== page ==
That activity may be exempted from VAT if the supply of services concerned is closely linked to welfare and social security work, and if that lawyer benefits, for the business he or she operates for that purpose, from recognition as a body devoted to social wellbeing.Luxembourg law protects adults lacking legal capacity through curatorship and guardianship measures making it possible to advise, supervise and even represent those persons in civil matters, by conferring powers of management and of representation to third persons. In practice, curators, guardianship managers, special representatives and ad hoc representatives are generally family member as well as lawyers.
EQ, a lawyer admitted to the Bar in 1994, has been carrying out since 2004 an activity under powers of representation in the context of schemes for the protection of adults lacking legal capacity. In 2018, the Luxembourg tax authority sought from him payment of the VAT for the activities of representation of adults lacking legal capacity carried out in 2014 and 2015. EQ takes the view that those activities do not constitute economic activities subject to VAT and, in any event, that they fulfil a social function and should be exempted on that basis in accordance with the national legislation transposing the VAT Directive.1 By contrast, the Luxembourg tax authority is of the opinion that supplies performed in the context of the professional activity of a lawyer constitute an economic activity, and that they cannot be exempted from VAT: in its view, EQ does not meet the requirement of being a body devoted to social wellbeing allowing him to rely on the exemption.
The tribunal d’arrondissement (District Court, Luxembourg), before which that dispute was brought, is seeking clarification as to whether the activity of protecting adults lacking legal capacity may benefit from a VAT exemption and asks the Court of Justice, inter alia, whether those activities are covered by the concept of economic activity within the meaning of the VAT Directive, whether those activities are exempted as ‘the supply of services … closely linked to welfare and social security work’ and whether the lawyer carried out such activities may be considered to be a ‘bod[y] recognised by the Member State concerned as being devoted to social wellbeing’.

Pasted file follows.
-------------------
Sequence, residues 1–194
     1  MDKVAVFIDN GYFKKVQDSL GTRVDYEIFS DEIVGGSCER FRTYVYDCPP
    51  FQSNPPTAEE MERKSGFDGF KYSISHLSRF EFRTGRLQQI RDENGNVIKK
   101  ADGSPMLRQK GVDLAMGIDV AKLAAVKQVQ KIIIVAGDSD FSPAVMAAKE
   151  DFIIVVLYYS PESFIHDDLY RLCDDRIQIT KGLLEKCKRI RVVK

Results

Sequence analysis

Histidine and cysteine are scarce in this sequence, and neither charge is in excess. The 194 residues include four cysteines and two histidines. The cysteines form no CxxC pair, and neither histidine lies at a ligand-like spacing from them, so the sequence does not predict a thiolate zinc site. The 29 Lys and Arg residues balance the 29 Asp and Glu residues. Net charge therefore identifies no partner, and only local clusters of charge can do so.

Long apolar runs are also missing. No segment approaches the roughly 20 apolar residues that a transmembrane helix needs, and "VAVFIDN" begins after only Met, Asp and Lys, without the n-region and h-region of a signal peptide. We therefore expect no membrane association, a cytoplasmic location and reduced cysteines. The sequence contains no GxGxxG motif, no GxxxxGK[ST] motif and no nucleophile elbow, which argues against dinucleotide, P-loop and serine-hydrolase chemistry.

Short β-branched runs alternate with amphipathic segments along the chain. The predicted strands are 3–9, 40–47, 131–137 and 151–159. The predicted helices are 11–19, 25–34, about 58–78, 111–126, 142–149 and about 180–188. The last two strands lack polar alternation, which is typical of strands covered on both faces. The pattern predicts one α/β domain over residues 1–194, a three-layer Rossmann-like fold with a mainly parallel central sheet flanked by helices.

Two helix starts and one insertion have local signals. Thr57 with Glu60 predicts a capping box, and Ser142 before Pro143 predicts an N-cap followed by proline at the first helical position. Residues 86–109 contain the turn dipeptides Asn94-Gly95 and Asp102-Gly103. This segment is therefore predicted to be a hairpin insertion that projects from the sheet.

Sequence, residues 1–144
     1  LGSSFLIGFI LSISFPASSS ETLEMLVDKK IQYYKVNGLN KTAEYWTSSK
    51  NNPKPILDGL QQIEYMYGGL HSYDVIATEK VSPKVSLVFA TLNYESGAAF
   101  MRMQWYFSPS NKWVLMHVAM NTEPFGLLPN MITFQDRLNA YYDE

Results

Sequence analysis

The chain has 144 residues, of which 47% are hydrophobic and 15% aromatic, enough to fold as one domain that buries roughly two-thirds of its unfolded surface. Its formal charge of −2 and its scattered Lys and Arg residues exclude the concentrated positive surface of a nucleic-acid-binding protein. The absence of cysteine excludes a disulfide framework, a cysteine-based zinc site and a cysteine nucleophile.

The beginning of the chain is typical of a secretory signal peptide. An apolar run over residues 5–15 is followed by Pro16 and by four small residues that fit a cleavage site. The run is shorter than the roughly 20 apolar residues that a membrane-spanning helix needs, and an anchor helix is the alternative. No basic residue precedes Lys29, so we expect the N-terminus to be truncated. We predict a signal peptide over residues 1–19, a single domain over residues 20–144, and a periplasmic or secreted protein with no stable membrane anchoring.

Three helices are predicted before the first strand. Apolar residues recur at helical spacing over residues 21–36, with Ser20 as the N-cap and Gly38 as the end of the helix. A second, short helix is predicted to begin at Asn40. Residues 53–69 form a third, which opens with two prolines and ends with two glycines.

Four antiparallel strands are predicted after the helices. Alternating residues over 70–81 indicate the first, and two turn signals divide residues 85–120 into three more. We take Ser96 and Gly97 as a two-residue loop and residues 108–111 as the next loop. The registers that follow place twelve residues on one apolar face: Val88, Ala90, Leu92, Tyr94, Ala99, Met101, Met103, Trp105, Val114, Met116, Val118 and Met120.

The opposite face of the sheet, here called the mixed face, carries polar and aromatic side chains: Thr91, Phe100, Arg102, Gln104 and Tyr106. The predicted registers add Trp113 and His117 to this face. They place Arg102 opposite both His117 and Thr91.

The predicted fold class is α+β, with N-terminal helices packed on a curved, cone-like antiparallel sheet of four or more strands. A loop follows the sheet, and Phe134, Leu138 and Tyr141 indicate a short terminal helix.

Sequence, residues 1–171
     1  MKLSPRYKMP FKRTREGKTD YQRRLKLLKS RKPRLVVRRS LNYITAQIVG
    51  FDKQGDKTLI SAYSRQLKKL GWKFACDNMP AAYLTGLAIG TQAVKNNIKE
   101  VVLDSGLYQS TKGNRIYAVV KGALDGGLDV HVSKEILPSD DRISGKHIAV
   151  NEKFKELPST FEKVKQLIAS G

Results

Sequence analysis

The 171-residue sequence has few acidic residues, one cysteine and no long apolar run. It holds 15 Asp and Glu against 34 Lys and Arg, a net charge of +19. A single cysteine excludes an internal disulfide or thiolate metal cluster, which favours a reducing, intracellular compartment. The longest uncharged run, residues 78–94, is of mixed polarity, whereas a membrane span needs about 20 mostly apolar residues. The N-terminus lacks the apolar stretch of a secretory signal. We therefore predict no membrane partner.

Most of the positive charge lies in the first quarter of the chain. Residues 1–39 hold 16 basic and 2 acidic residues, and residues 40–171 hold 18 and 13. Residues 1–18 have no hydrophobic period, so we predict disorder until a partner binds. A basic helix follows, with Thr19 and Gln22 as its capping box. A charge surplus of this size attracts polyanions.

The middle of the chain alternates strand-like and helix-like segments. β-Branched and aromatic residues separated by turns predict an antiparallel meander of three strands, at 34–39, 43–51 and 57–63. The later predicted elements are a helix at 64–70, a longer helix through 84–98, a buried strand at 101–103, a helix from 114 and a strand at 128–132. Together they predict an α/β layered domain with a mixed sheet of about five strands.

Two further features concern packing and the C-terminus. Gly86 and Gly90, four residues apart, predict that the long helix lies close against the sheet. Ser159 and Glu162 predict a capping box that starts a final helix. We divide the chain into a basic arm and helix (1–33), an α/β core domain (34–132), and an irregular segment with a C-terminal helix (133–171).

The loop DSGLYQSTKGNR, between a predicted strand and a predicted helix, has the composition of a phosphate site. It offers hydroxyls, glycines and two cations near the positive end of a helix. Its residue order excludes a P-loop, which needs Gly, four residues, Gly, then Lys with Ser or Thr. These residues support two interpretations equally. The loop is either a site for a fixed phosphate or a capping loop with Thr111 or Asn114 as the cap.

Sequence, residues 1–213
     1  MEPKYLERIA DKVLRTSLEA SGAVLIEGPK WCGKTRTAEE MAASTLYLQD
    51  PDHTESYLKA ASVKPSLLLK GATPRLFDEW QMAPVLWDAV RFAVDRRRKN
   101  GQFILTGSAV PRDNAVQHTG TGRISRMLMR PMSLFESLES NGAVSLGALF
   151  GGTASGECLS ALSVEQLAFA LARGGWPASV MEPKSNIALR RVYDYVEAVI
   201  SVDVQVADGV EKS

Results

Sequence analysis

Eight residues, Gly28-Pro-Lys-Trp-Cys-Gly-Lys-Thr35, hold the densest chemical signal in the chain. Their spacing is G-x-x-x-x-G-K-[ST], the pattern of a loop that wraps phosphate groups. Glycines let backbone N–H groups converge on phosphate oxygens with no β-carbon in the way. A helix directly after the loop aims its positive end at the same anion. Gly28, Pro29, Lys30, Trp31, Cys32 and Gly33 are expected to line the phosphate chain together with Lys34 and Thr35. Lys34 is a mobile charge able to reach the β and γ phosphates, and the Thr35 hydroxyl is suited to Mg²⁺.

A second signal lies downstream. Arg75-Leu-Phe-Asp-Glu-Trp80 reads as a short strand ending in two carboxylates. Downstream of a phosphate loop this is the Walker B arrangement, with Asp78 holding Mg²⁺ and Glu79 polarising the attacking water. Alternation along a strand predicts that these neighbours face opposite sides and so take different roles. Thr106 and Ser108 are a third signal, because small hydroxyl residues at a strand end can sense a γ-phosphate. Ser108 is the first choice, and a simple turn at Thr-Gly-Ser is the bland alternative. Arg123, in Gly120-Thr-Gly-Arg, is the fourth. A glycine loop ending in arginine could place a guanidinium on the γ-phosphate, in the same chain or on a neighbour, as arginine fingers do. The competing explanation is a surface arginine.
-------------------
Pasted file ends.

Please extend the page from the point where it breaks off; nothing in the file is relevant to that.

In the judgment delivered today, the Court holds that the supply of services for the benefit of adults lacking legal capacity and intended to protect them in civil matters constitutes an economic activity. Under EU law, only activities of an economic nature are subject to VAT, and specifically the supply of services for consideration within the territory of a Member State by a taxable person acting as such. While it is for the referring court to ascertain whether the supply of services for the benefit of adults lacking legal capacity was for consideration, the Court refers to points of interpretation to determine whether there is a direct link between that supply and the sums received by EQ in the context of his powers of management, even if the consideration for that service was not obtained directly from the recipient but from a third party, or the remuneration for those services was determined on the basis of an assessment linked to the financial situation of the person lacking legal capacity or even in the form of a lump sum. As to the economic nature of the supply, the Court notes that EQ obtains income therefrom on a continuing basis and that the level of income obtained from his activity is insufficient in relation to his operating costs.
The Court turns next to the conditions for the application of an exemption by stating that the supply of services for the benefit of adults lacking legal capacity and intended to protect them in civil matters falls within the concept of ‘the supply of services closely linked to welfare and social security work’ within the meaning of the VAT Directive. By contrast, more general activities providing assistance or legal, financial or other advice, such as those which may be linked to the specific skills of a lawyer, a financial adviser or an estate agent, even if they are provided by a service provider in the context of the protection that person provides to a person lacking legal
capacity, do not fall within that exemption. The Court clarifies moreover that it is for each Member State to lay down the rules linked to the recognition of bodies other than those governed by public law as being devoted to social wellbeing. In that regard, the Court observes that the concept of ‘bodies recognised … as being devoted to social wellbeing’ is in principle sufficiently broad to include natural persons operating their business for profit. In the present case, the services in question were supplied by a lawyer, member of the Bar, and even if the professional category of lawyers cannot be characterised, as a whole, as being devoted to social wellbeing, the Court does not exclude that a lawyer providing services closely linked to welfare and social security work may show a stable social engagement, which EQ has been able to demonstrate during 2014 and 2015, which is a matter for the referring court to verify while observing the discretion which that Member State enjoys in that regard.
1 Council Directive 2006/112/EC of 28 November 2006 on the common system of value added tax (OJ 2006 L 234, p.1).